I want to create an archive endpoint page that will have a dynamic slug, based on the taxonomy term slug.

e.g. If the taxonomy is Food and the current term is Onion, I want the endpoint slug to look like onion-recipes.

www.domain.com/food/vegetables/onion/onion-recipes Gives me a 404 even after flushing permalinks.


add_action( 'init', function() {
    $term = get_queried_object();
    $ep_slug = $term->slug.'-recipes';
    add_rewrite_endpoint( $ep_slug, EP_PAGES );
} );

1 Answer 1


add_rewrite_endpoint() only supports static endpoint names like trackback and recipes, so if you need a dynamic endpoint name/slug, then you would want to use add_rewrite_rule() instead.

And just so that you know, even if add_rewrite_endpoint() did support dynamic names/slugs, your code would not work because your function runs too early (via the init hook) and thus get_queried_object() would return a null, which means that $term is not actually an object (even if you were on a term archive page).

So for the food/onion/onion-recipes structure or endpoint, where onion is the term slug, you could use add_rewrite_rule() like so:

add_action( 'init', function () {
    // Adds a rewrite rule for /food/<term slug>/<term slug>-recipes where "food"
    // here is a custom taxonomy.
} );

Things to note:

  1. (.+?) is a term slug or path which is read from the current URL path, and the slug could be onion or a "directory"/path like onion/child if your taxonomy is hierarchical.

  2. ([^/]+) is also a term slug, but without a / (slash). (I purposely put it in a group in case you'd need to access $matches[2])

  3. In the above regular expression (RegEx) pattern (which is the 1st parameter for add_rewrite_rule()), I used 2 capturing groups or subpatterns, and each group/subpattern match from the URL will be stored in an array named $matches.

    So if the current URL is https://example.com/food/onion/child/child-recipes, then $matches[1] is onion/child, whereas $matches[2] is child. I.e. food/(onion/child)/(child)-recipes — note the parentheses.

You can test and play with the above RegEx here on regex101.com.

Also, remember to flush the rewrite rules! Simply visit the Permalink Settings admin page.


If you want to create a query var for your endpoint, just like what add_rewrite_endpoint() does by default, and so that you can use get_query_var() to retrieve the term slug from the endpoint name, you can use the query_vars hook to register your query var.

Here's an example where the query var (name) is food_recipe (make sure the name is not already in use, e.g. by an existing post type or taxonomy):

add_filter( 'query_vars', function ( $vars ) {
    $vars[] = 'food_recipe';
    return $vars;
} );

After that,

  1. Change the rewrite rule's query (the 2nd parameter for add_rewrite_rule()) from index.php?food=$matches[1] to index.php?food=$matches[1]&food_recipe=$matches[2]

  2. Then flush the rewrite rules, again. :)

And as for using &food-info=recipes in the above query, where food-info is a custom taxonomy name/slug, yes, you can. Any query args that WP_Query accepts, and even custom ones, can be used there, but whether the query would return any posts would of course depend on whether there are posts that matched the query. :)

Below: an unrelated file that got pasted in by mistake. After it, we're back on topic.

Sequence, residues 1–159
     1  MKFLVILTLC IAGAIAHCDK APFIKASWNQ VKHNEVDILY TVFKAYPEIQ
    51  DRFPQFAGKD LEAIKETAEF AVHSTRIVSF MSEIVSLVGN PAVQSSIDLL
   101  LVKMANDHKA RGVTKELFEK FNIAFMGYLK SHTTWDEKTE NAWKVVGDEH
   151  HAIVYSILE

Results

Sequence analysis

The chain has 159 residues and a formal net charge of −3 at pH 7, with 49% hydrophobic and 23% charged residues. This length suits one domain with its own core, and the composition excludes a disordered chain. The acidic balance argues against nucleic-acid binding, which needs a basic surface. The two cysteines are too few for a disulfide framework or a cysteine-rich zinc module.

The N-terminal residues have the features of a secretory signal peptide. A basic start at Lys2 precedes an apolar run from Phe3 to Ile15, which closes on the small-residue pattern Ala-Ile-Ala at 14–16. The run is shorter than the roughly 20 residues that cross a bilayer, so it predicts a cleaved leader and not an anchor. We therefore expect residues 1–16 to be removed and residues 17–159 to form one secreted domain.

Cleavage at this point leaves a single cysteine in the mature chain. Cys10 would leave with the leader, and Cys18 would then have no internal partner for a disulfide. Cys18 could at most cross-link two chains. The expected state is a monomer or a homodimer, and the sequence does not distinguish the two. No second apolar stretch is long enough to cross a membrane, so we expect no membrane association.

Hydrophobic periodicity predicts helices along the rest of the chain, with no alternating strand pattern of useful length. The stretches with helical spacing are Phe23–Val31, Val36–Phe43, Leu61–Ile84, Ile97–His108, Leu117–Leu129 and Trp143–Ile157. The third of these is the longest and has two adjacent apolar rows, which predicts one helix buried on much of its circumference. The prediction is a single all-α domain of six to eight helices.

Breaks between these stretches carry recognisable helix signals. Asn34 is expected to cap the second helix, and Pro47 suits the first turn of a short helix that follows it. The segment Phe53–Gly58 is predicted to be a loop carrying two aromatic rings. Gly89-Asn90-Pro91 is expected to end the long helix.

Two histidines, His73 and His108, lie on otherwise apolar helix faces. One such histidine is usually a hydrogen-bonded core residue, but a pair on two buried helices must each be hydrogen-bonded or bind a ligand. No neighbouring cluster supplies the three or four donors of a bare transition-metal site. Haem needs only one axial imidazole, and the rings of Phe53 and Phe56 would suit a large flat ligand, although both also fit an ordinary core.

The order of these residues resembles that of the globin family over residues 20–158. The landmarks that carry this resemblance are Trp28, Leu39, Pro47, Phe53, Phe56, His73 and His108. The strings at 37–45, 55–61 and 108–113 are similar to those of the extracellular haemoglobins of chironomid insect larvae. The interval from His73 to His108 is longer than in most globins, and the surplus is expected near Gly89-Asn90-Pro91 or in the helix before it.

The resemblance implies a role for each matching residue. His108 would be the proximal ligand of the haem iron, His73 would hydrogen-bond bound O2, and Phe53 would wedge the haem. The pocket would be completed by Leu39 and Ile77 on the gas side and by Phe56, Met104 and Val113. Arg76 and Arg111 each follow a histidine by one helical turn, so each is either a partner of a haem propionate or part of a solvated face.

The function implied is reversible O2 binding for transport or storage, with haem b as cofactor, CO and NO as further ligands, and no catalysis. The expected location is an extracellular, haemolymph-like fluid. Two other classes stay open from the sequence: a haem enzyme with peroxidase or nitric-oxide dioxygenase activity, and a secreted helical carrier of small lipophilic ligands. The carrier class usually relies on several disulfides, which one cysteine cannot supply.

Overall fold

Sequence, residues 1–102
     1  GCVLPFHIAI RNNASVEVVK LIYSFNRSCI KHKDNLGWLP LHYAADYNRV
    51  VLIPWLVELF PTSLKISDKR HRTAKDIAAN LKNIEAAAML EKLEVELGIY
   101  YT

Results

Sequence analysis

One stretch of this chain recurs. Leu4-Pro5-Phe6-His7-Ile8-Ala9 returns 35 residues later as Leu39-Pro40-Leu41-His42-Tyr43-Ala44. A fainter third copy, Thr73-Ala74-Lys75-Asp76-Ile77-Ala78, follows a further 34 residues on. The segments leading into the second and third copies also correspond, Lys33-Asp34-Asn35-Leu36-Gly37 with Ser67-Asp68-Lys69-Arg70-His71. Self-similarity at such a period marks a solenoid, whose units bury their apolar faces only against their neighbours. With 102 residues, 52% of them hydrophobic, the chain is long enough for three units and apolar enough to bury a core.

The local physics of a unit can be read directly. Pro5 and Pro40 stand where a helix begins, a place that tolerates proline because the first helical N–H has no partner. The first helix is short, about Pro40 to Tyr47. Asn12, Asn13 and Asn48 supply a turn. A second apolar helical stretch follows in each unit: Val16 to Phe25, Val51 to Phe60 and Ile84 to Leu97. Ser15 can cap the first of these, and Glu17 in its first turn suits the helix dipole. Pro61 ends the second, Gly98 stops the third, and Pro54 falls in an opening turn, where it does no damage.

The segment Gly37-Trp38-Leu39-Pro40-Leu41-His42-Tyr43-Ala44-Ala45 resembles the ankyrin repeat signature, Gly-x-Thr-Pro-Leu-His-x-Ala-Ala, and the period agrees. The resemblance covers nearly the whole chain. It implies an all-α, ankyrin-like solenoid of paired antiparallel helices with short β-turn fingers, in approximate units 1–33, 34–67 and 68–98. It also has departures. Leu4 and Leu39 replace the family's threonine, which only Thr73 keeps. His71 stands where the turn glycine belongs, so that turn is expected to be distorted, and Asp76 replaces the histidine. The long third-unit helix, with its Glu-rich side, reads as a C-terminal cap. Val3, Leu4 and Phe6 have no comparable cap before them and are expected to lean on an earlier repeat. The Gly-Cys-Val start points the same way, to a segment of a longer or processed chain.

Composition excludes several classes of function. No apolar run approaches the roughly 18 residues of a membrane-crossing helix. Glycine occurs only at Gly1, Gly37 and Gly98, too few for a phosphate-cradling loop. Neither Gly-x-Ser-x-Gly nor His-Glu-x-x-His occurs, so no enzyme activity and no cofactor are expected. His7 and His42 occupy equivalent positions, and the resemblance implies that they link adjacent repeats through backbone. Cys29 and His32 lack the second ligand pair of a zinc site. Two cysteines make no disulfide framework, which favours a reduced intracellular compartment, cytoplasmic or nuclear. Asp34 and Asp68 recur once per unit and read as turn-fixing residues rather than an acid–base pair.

• 1
    PS: Sorry, I deleted my original answer.. but I hope this one helped you more. Also, as for using recipes-with-onion instead, just change the ([^/]+)-recipes above to recipes-with-([^/]+) :)
    – Sally CJ
    Commented Jan 30, 2022 at 10:59
  • 1
    See the Update part in my revised answer, but I assumed that you only wanted to retrieve the term slug from the endpoint name? If you wanted to capture the entire endpoint name, then you can change the regex to food/(.+?)/([^/]+-recipes)/?$, then use food_endpoint as the query var, so change the query to index.php?food=$matches[1]&food_endpoint=$matches[2], and of course, register the query var (food_endpoint).
    – Sally CJ
    Commented Jan 31, 2022 at 11:32
  • 1
    That is because (.+?) matches anything before the /onion-recipes part. So you really just need to play with the regex.. :) and if necessary, change the query (the food=$matches[1] part).
    – Sally CJ
    Commented Feb 1, 2022 at 0:32
  • 1
    So for example, to match vegetables/**onion** only, i.e. vegetables/<term slug>, then (assuming your taxonomy is hierarchical), change the (.+?) to (vegetables/[^/]+) and then it will only match vegetables/onion, vegetables/carrot, vegetables/green-bean, etc, but not vegetables/foo/bar because foo/bar contains a slash. Demo here
    – Sally CJ
    Commented Feb 1, 2022 at 0:34
  • 1
    @harvey Yes, and that's a limitation in the WordPress rewriting system - add_rewrite_rule() simply adds the rewrite rule. Same goes with add_rewrite_endpoint(), except that it also automatically creates a query var by default. Matters like checking whether the URL actually points to a valid resource (like a term that actually exists in the database) has to be handled manually, e.g. via the pre_handle_404 hook. And btw, are you @Edegist?
    – Sally CJ
    Commented Feb 3, 2022 at 0:49

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